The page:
Al-Umari's description of Mansa Musa's 1324 visit to Cairo, the longest, best selection on the web. Also includes shorter selections from Ibn Battuta and Ibn Khaldun, translated by Joseph Kenny, from his The Spread of Islam Through North to West Africa: A Historical Survey with Relevant Arab Documents (2000).
Al-Umari's description of Mansa Musa's 1324 visit to Cairo and the consequent depression of the value of gold, from Levitzion/Hopkins Corpus of Early Arabic Sources for West African History. Includes some questions, evidently by Dorian Bowman. Text courtesy Boston University's African Studies Center.
Al-Bakri's description of the Kingdom of Ghana (11c.) from Levitzion/Hopkins, Corpus of Early Arabic Sources for West African History. Some questions, evidently by Dorian Bowman. Text courtesy Boston University's African Studies Center.
Other, partially-overlapping selections from Al-Bakri on Kingdom of Ghana are available at this World Books sub-site. Unfortunately, there's no information on where the text comes from, who edited or who is responsible. I found it by searching for phrases from the BU translation. Use with caution.
Ibn Battuta and his Saharan Travels from Ibn Battuta in Black Africa by Said Harridun and Noel King. With some additions by Jim Mann Taylor.
West Africa, as seen by Ibn Battuta by Jim Jones, West Chester University. Lecture for Jones' course African History to 1875 , following and commenting on Hamdun and King's Ibn Battuta in Black Africa. It's off the subject, but you gotta love a guy whose homepage lists "Six unusual things about Jim Jones," including "Hitchhiked across the Sahara Desert three times."
A few study questions on Ibn Battuta in Black Africa(William J. Wright, University of Tennessee). [mirror]
The Catalan Atlas is the source of most images of Mansa Musa, including the one here (see navigation bar). This figure is labelled "Musse Melly," with a description of who he is. There is, of course, no reason to believe the depiction comes from any source other than a cartographer's imagination. Here is the full map.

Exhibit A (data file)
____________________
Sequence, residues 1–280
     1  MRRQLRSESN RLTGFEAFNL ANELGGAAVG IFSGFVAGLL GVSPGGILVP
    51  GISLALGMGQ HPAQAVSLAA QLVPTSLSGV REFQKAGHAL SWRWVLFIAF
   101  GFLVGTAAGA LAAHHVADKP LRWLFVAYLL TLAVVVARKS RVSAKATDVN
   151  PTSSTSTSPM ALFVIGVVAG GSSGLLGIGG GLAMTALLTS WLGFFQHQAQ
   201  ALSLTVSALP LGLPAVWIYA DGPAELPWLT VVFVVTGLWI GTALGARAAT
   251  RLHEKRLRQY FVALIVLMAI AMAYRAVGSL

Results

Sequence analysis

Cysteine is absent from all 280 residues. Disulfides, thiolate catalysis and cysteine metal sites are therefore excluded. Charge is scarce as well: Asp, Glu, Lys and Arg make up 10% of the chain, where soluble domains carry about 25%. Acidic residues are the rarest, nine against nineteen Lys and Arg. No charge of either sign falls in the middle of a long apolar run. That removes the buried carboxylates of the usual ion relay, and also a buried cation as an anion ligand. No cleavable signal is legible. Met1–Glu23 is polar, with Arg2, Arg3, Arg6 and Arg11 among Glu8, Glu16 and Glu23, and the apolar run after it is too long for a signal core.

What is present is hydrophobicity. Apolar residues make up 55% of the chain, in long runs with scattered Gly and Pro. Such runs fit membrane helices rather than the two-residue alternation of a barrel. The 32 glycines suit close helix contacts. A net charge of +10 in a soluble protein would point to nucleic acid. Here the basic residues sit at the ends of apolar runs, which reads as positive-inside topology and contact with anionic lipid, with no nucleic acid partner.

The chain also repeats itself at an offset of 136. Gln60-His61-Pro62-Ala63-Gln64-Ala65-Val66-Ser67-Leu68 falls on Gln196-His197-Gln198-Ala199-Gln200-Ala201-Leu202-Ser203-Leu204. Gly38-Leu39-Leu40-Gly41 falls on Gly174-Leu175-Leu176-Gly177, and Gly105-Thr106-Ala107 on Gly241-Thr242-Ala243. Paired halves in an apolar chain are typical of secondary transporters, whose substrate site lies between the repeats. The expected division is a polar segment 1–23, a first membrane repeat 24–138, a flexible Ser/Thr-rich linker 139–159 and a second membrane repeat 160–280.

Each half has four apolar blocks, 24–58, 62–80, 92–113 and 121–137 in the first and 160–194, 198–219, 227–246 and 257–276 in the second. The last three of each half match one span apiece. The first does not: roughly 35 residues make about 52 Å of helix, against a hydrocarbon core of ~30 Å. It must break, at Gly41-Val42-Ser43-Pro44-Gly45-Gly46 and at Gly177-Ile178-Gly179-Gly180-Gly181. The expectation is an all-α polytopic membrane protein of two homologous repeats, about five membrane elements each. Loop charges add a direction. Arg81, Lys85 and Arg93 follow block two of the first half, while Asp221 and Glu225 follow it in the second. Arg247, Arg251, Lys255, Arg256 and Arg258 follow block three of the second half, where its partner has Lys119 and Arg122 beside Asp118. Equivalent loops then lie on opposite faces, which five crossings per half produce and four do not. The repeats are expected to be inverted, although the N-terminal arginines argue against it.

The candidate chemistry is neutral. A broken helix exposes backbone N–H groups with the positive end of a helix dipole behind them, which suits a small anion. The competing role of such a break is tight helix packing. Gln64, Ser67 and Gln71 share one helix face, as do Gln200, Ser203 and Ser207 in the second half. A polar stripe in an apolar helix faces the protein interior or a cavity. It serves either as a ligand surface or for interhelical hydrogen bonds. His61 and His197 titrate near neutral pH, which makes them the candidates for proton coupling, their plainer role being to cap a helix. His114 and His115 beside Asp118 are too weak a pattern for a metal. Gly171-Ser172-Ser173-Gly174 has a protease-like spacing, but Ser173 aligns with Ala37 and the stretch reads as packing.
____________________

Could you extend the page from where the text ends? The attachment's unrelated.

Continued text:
"This Negro lord is called Musa Mali, Lord of the Negroes of Guinea. So abundant is the gold which is found in his country that he is the richest and most noble king in all the land."
Leo Africanus: Description of Timbuktu (1526) translated by Paul Brians.
"Leo Africanus: The Man with Many Names" by Pekka Masonen, from Al-Andalus-Magreb. Revista de estudios árabes e islámicos (2002). Fascinating article.
"Leo Africanus should not be viewed only as a curious anecdote who belongs to the national biographies of Spain, Morocco, and Italy, and to the historiography of travels and discoveries. His life and work still have a relevance to our own times. Leo Africanus is a splendid example of the passage of men and of intellectual elements between the two shores of the Mediterranean. The experiences of Leo Africanus clearly prove that the religious, ethnic, and cultural borders between the Islamic and Christian worlds were not insuperable even in the distant pastand nor should they become insuperable in the near future either. He was not, however, a true Renaissance man who embraced the values of Renaissance Italy to the point of rejecting his old customs. Nor was he any paragon of a modern cross-cultural cosmopolite who was at home wherever he went. The originality of Leo Africanus lies in the fact that he wrote his work in Europe, and was most influential there, despite the man himself belonged intellectually to the Arab world."
The Songhay Empire According to Ta’rîkh al-Fattâsh, Ta’rîkh as-Sûdân and Leo Africanus. Source selections from The Spread of Islam Through North to West Africa: A Historical Survey with Relevant Arab Documents, by Joseph Kenny (2000).
Amazon. Corpus of early Arabic sources for West African history, translated by J.F.P. Hopkins; edited and annotated by Hopkins and N. Levtzion. Excerpts many authors (some excerpts below). Apparently out-of-print in hardcover. The Publisher's blurb excerpts the TLS review, which complains of the hardcover version "Only its grotesque price will prevent it from reaching the shelves of the teachers of West African history for whom it was designed."